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    The "how's the bike" seemed almost too stereotyped, but he genuinely was more interested in it than himself - mind you, it was a very nice looking steed and, I think, not his normal commuting machine ("I didn't think I should have used that one this morning"). After tens of thousands of miles commuting over the years, this is the first time I've been so close to an incident needing an ambulance - hence why I was a little curious as to what I might not have considered in the heat of the moment and thus missed.
    – Unsliced
    Commented Aug 24, 2011 at 14:48

Make sure you keep the contact information of the cyclist, in case you need to be a witness in a trial. Also mark down the licence plate number of the car. This might not be needed if the driver was cooperating, but you never know. If the accident is registered, the cyclist can file a claim with the insurance company of the driver to get compensation (I am assuming that the driver was to blame here).

I would also recommend reading this article about experience with insurance companies: http://www.dcrainmaker.com/2011/05/what-i-learned-about-getting-hit-by-car.html

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    If it is you in such an incident then you need to follow up the insurance claim as soon as possible (that is if you have chosen or are able to). The attitude of the driver will harden by the day after the incident and he will not want to have higher insurance premiums. You have to follow things up ASAP or else the effort in doing so will end up being as painful as the accident and extremely time consuming. If there is trouble consider forgetting the claim as you do not want to relive the accident, get bitter and have your time taken up by form filling. Commented Aug 24, 2011 at 9:11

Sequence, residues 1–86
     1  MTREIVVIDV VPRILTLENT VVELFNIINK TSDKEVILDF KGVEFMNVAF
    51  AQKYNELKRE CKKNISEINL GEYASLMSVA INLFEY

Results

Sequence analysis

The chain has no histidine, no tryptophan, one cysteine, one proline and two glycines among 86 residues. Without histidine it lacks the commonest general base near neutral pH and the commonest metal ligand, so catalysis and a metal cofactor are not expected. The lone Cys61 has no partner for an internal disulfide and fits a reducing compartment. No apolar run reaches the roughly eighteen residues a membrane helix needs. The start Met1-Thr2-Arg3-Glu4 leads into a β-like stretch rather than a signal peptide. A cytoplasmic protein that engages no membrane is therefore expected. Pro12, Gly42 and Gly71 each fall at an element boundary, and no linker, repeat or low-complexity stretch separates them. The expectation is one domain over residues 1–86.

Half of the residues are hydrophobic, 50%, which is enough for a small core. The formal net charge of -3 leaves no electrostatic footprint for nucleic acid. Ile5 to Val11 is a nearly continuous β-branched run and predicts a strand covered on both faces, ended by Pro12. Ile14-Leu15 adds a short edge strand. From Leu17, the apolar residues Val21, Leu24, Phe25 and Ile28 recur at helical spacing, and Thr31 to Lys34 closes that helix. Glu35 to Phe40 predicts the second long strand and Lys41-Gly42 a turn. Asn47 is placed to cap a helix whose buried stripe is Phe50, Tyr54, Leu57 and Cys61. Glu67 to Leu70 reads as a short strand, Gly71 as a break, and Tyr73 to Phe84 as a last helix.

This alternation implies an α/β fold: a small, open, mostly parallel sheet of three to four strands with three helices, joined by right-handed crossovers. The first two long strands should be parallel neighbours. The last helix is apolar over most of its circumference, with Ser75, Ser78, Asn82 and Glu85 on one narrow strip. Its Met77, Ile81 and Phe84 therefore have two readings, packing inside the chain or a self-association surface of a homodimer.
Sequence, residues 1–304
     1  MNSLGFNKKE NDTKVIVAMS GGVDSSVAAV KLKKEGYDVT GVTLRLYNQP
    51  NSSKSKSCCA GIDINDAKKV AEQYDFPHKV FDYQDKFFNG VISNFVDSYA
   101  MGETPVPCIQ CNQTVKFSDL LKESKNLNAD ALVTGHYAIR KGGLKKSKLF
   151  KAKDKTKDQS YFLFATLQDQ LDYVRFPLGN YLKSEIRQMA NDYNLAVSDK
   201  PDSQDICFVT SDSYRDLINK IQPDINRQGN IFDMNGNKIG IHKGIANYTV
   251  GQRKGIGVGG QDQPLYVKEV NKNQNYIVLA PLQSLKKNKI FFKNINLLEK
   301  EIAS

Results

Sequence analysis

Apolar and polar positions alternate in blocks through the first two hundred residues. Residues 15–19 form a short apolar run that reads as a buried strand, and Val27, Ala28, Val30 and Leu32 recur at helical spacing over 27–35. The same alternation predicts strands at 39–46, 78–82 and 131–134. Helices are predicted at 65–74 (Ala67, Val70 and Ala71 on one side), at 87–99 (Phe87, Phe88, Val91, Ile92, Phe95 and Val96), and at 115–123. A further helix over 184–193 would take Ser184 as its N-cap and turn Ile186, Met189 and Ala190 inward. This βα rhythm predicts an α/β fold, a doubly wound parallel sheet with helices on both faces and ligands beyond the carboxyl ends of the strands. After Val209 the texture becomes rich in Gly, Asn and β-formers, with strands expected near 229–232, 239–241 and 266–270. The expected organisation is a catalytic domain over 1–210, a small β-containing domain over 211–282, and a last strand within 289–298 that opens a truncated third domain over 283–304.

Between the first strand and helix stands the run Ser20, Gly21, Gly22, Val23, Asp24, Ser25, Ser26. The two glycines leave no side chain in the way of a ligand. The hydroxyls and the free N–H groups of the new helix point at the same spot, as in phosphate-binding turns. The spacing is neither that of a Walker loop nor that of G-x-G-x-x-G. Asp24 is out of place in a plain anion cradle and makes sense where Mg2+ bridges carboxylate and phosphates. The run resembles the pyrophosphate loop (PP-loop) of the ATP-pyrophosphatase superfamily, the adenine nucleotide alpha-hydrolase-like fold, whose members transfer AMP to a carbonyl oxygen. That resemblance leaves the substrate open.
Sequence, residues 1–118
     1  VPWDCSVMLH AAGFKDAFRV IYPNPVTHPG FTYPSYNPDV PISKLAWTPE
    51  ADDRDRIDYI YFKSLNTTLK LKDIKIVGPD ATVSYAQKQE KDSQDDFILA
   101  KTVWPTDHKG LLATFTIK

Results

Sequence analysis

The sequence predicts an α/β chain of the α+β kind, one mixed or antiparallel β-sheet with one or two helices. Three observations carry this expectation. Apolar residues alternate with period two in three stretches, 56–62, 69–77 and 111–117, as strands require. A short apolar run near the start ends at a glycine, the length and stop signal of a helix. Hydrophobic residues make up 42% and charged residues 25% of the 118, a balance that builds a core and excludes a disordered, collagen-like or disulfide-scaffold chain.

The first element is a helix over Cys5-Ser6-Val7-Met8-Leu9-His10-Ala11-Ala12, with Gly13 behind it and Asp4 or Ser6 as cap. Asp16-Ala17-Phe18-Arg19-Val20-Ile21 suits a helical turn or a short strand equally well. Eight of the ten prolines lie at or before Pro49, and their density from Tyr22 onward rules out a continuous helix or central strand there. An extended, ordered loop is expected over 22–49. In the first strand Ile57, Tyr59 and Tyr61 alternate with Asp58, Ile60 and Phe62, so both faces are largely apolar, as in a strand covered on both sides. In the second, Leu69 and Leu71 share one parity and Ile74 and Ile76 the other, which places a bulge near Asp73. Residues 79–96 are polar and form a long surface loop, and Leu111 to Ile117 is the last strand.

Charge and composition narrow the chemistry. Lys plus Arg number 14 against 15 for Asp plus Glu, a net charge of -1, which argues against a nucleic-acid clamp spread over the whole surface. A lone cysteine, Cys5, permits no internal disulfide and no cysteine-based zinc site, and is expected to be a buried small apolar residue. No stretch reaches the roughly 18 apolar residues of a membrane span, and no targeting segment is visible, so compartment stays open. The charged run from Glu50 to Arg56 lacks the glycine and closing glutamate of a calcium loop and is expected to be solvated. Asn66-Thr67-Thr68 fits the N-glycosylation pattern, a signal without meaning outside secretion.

• Agree about recording the license plate. My friend was hit by a little old lady in a car that failed to give way. The driver stopped, talked to my friend for a while to determine he was not seriously injured and then drove off. The drivers insurance could have paid for some of the medical costs if they have been contactable after the incident.
    – WW01
    Commented Aug 30, 2011 at 3:39

My advice is similar. Here's how it went down for me once, after seeing a minor accident:

  • Cyclist falls
  • Traffic stops